Middle school math had mostly been regurgitation of past years, and while I never fully grasped these teachings, they were at least familiar. High school brought with it advanced math I had never seen before, impossible to do when I still did not understand elementary and middle school math. I look back fondly on the teachers who compassionately stayed with me for up to three or four hours after school, patiently trying to catch me up. They failed, but at least they gave me their time and the benefit of the doubt. Junior and Senior year were spent entirely in Special Education for math. They completely gave up on trying to put me with the regular classes.I was just too far behind.
Without the normally required math credits, I graduated on a special exemption.
College, however, has no special exemptions. I explained my problem upon admission to college. Offering extra time on tests, access to a calculator, and remedial classes were all they could do for me. I was tested and placed in their lowest remedial math class, for which I received no credits. Desperate to continue my higher education, I sought help from a learning center. It was no good. I failed that same remedial class three times. Badly.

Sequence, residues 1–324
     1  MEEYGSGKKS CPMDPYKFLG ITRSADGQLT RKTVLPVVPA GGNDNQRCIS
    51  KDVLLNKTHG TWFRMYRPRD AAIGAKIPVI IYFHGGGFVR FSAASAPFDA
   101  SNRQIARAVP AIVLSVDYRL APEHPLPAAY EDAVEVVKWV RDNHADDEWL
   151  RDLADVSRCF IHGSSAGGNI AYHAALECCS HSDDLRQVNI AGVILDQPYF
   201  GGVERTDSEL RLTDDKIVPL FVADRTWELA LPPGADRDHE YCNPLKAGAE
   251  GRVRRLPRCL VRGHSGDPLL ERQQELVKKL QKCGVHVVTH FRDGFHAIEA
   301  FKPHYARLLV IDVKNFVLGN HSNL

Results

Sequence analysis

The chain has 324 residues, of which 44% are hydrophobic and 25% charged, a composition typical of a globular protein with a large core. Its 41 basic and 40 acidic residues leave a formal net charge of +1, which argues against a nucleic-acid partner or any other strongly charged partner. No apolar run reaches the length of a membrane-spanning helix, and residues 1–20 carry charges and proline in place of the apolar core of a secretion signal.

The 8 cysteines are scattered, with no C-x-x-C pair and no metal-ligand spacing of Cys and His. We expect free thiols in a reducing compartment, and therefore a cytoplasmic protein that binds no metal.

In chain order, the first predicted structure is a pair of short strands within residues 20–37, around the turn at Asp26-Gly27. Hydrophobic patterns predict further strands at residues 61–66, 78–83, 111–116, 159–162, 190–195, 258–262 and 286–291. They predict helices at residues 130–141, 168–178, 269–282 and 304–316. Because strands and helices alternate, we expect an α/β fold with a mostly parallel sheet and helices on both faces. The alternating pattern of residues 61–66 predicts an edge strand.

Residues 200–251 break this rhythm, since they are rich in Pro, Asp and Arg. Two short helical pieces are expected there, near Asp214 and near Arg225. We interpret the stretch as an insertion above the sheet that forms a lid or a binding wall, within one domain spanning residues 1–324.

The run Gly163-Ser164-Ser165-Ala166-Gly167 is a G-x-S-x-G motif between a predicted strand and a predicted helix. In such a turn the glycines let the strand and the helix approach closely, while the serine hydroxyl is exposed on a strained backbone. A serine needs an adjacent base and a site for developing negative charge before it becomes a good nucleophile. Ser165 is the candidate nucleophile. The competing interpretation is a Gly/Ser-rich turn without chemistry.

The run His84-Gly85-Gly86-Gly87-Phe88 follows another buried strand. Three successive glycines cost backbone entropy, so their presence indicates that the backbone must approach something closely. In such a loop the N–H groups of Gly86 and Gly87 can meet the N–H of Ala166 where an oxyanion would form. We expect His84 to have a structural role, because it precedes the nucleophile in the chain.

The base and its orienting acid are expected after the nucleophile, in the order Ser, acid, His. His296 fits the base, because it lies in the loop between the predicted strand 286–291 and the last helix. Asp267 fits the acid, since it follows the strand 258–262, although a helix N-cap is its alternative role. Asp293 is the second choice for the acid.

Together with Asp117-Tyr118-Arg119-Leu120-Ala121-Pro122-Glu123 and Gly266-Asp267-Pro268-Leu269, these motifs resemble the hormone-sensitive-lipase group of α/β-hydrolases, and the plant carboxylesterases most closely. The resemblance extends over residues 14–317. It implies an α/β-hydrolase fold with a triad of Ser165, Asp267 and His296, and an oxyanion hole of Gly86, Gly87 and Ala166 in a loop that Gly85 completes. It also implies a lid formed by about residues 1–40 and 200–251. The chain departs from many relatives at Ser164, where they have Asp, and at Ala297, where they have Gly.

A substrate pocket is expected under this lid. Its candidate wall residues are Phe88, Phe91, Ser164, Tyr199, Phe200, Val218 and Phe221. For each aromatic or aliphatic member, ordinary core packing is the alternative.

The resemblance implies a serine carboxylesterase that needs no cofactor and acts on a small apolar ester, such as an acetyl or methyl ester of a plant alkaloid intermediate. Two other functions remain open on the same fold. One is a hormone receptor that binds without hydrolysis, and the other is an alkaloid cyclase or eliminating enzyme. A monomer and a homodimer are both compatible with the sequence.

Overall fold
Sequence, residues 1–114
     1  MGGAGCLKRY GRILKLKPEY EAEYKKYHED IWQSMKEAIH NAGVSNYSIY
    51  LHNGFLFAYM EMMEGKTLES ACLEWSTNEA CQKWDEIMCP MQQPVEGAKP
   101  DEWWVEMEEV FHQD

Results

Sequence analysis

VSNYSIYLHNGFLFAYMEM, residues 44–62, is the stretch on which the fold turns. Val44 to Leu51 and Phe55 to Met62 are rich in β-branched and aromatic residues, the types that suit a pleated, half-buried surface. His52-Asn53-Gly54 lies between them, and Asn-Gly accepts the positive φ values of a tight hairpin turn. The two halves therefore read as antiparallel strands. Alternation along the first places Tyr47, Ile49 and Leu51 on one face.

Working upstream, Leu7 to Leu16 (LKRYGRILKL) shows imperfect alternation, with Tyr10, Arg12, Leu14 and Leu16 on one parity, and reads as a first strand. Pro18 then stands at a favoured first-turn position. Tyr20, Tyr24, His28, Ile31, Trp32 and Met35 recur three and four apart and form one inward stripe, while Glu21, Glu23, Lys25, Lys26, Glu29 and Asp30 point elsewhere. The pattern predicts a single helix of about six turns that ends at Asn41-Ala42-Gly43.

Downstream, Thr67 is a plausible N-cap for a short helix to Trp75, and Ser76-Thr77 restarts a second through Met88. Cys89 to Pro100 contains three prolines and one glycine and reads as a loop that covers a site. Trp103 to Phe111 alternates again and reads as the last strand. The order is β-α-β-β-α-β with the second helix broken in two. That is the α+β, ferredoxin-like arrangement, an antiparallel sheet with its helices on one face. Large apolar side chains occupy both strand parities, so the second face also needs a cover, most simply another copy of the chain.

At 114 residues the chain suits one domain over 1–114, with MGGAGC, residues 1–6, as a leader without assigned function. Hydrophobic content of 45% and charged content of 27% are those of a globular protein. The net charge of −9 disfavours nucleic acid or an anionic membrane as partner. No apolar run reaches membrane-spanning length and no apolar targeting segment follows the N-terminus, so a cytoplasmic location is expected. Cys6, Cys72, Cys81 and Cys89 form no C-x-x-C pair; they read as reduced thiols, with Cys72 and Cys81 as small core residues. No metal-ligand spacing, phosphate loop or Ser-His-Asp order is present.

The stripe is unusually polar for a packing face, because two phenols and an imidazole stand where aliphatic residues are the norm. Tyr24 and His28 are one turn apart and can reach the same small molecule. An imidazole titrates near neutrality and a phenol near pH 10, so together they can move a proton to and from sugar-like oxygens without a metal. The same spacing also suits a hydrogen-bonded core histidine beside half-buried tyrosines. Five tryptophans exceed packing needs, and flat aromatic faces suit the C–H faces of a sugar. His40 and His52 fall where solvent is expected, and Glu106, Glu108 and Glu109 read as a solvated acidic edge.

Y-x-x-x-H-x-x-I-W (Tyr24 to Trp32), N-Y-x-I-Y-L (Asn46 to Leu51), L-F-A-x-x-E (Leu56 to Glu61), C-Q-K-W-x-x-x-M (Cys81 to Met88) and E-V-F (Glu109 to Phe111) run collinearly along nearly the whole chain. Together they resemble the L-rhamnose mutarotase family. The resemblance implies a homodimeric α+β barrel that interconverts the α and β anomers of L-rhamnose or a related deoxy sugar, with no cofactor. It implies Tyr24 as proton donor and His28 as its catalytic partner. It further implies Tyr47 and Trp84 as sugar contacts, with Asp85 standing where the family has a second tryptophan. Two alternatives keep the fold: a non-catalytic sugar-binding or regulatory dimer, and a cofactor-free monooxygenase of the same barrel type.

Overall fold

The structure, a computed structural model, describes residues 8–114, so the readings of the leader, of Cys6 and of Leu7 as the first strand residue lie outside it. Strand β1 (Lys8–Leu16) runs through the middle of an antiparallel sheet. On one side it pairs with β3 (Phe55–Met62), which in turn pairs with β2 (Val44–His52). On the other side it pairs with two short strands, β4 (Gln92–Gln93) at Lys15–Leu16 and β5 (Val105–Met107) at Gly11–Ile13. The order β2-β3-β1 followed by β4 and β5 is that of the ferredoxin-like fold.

No math credits, no degree. Of any kind. I could stay in college until I was old and gray, taking as many classes as I wanted, but without those math credits, it would be pointless.
I dropped out of college. Any career dreams I once had were dashed.
It was still a couple more years before I discovered that my demon had a name. Dyscalculia. This word was never said in the entire time that I was in school and Special Education. I suspect they, like me, had no idea what it was. Because they do not know what it is, that it exists, they have no idea how to deal with it. The very people meant to help me were completely ignorant that an actual disorder might be the problem. I was furious all over again.